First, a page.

Thu Aug 09, 2012 8:21 pm
News From Wipaire
Tips for the Amphib Pilot
By: Brian Addis
Not so long ago, most seaplanes were straight float airplanes. The words "straight floats" have evolved as the result of amphibious float airplanes dominating the market. Now our descriptive language has changed to distinguish amphibs' from straight floats. Adding the freedom of landing on runways and water minimizes the pilot's requirement to plan for the future in terms of places to land and places to get fuel. It also adds the requirement for a complete understanding of the float systems and a complete appreciation for the potential for disaster. At the surface, the advantages are clear and the operation seems simple. Scratch the surface and we find a large number of pilots who have landed their amphibian airplane with the landing gear in the wrong position for the surface intended. As we review these accidents, a trend emerges. We find no new reasons for these accidents. Different people are making the same mistakes over and over again. Almost every case involves pilot error. If we realize that the human being is the weakest link in this system, we know where to go to work on the problem.
Therefore, we will proceed by:
Identifying the problem.
Understanding the problem.
Fixing the problem.
Identifying the Problem
Landing on a runway with the landing gear up usually results in little more than damage to the float bottom protected strip. The problems could be worse depending on the quality of the landing but, in most cases, not fatal. Conversely, landing in the water with the landing gear in the down position almost always results in an overturned airplane. Approximately 50% of these accidents are fatal with aircraft damage ranging from totally destroyed to no damage other than damage to avionics due to the insult of water.
Understanding the Problem
Most of the late model float systems come with audio warnings exclaiming landing gear position prior to landing. This system is triggered by airspeed and is adjustable by a qualified maintenance technician. This system should be used as an added safety feature but should not be used to replace good operating practice. In simple terms: DO NOT USE THE GEAR ADVISORY SYSTEM AS A SUBSTITUTE FOR CHECK PROCEDURES.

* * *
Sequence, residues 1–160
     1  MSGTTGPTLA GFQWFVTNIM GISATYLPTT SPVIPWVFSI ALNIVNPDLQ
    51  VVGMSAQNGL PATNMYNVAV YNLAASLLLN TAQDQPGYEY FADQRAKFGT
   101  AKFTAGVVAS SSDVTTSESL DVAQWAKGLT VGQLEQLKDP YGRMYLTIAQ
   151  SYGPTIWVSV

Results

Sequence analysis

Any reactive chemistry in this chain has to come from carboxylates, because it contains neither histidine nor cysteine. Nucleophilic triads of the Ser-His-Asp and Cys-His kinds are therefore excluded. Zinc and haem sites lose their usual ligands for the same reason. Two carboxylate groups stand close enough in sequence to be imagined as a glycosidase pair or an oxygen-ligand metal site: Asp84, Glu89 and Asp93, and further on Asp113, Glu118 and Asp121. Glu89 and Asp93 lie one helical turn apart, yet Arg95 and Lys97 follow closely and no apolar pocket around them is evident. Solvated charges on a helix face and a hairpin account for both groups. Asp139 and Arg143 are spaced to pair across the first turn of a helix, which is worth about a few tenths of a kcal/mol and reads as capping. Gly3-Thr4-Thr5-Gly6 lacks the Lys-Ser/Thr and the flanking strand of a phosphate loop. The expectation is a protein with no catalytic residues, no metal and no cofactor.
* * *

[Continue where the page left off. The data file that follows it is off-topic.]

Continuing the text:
Understanding the Problem Continued--
Most of the accidents involving landing gear position problems are caused by pilot error. Most involve something that takes the pilot away from standard procedures such as:
Pulled circuit breakers.
Focusing on a challenging or new landing area.
Communicating with passengers.
Some perceived or unrelated mechanical problem.
Preoccupation with weather or wind.
Fixing the Problem
During this training, your instructor will place emphasis on pre-landing check procedures. Specifically, a gear check should be accomplished 3 times prior to landing. TRIPLE-CHECK REDUNDANCY IS ESSENTIAL. The last check should be used on final approach and includes a comparison with the gear position lights and the intended landing area.
Example: "Blue lights, blue water."
"Green lights, green grass."
THIS PROCEDURE MAXIMIZES EFFECTIVENESS BECAUSE IT IS NOT AN ABSTRACT.
Your instructor will ask for verbal expression from you confirming these checks are, not only done, but called out loud as well. Your instructor will be kindly relentless concerning this subject. We want you to have a safe and successful experience with your floatplane. We will expect you to begin and end with these three things in mind:
The pilot must first understand and believe the potential for a landing with the gear in the wrong position is a PILOT PROBLEM.
The pilot must have a complete understanding of the landing gear systems.
The pilot must be able to fly the airplane skillfully while using landing gear check procedures as a habit.
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